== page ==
After the demise of the Parliamentarians in 1660, King Charles II was restored to the throne. The new Government voted the King an annual income of £1.2 million to run the country, but this proved to be insufficient. They needed to raise another £300,000 and in 1662 the Hearth Tax, sometimes called “the Chimney Tax”, was levied. Unfortunately it never raised this amount and it was abandoned after the 1688 revolution when King James II fled to France and William of Orange and his wife Mary were proclaimed King and Queen of England.
Every householder with property worth 20 shillings or more and who was not exempted by poverty was liable to pay 2 shillings per annum for every fire, hearth or stove in his house. One shilling was collected at Michaelmas (29th September) and one shilling on Lady Day (25th March).
At the time of the 1672 return, four collectors were appointed for the Wapentake of Strafforth and Tickhill, what is now essentially South Yorkshire, and they asked the local constables of each parish to calculate and collect the tax. The Collector for Aston-cum-Aughton was Robert Benit and the local Constable was James Hobson. The constables had the right of entry to check any query about the number of hearths in a property and they received two pence in the pound of the money collected “for their considerable trouble”.
In Aston and Aughton there were 66 households and a total of 159 hearths. Eleven of these were listed as poor and therefore did not pay the tax. This left 148 hearths at 2 shillings each, making a total of £14.16s.
The Hon. Conyers Darcy had 27 hearths in Aston Hall and so paid £2.14s. Two households had more than eight hearths, one had seven, two had six, three had four and three had three hearths. This left 42 who had either one or two hearths. Anyone with more than seven hearths was regarded as being part of the wealthy social/economic group. Between three and six hearths was the middling group and two or less hearths the lower group. The lower group included the craftsmen, yeomen and labourers of the community, probably living in dwellings of just two or three rooms.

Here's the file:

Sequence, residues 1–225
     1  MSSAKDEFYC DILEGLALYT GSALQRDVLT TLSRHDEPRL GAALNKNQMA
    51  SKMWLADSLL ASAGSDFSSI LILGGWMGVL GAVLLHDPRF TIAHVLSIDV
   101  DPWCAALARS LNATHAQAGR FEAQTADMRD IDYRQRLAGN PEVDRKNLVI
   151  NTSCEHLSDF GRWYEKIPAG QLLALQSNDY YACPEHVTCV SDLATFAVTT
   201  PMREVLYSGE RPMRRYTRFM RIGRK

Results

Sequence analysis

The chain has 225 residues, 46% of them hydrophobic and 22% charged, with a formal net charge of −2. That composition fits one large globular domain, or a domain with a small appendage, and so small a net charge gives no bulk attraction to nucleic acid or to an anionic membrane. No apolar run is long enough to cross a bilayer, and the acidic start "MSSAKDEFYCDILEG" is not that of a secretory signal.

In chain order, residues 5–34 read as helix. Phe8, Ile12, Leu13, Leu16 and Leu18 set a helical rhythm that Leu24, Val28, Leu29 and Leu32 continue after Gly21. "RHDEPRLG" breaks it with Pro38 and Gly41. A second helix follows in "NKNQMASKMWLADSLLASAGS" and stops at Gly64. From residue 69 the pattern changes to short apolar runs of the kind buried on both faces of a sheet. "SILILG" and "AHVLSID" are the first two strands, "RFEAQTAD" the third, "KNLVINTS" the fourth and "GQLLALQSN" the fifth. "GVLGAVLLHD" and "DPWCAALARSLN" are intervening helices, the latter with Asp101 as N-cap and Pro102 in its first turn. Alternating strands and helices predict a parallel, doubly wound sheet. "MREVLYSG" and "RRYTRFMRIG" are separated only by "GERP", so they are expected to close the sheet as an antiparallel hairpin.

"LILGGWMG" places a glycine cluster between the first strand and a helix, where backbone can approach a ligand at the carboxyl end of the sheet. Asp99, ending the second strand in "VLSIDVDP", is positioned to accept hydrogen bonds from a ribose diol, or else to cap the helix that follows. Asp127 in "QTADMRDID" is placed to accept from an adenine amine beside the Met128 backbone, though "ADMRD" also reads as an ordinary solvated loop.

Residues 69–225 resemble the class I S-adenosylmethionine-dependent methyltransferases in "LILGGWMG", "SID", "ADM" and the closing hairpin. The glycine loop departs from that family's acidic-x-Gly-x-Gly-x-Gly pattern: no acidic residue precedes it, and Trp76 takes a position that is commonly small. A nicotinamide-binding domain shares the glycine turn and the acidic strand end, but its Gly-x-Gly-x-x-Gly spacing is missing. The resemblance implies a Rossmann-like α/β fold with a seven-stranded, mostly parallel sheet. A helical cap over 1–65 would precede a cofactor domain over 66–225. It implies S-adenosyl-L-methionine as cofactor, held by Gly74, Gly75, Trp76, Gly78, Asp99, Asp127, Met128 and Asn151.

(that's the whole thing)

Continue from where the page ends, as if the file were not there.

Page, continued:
In Ulley there were 19 households. One had 5 hearths, one had 4 hearths and 6 had 2 hearths. The remaining eleven households had just 1 hearth.
Looking at the returns of other local villages, the only one with a residence with more than 27 hearths was the Honourable William Earl of Strafford at Wentworth with 43 hearths. This is followed by Sir Thomas Osbourne at Harthill and Woodhall with 26 hearths, Ralph Hansby Esq. at Tickhill with 25 hearths, Sir John Reresby Bart at Thrybergh with 22 hearths and Sir Thomas Robinson Bart at Thorpe Salvin with 20 hearths. Sir Francis Fane (son of Sir Francis Fane and Lady Elizabeth Darcy of Aston) had 15 hearths at Firbeck Hall and Sir Ralph Knight at Letwell had 14 hearths.
No county has a complete set of records of the Hearth Tax, but the fullest return for South Yorkshire is that for Lady Day 1672 and is kept in Wakefield Metropolitan District Council Library.
For anyone interested, a transcript of this Hearth Tax Return can be seen on line at https://www.thebritishacademy.ac.uk/projects/academy-research-projects-hearth-tax-england-wales/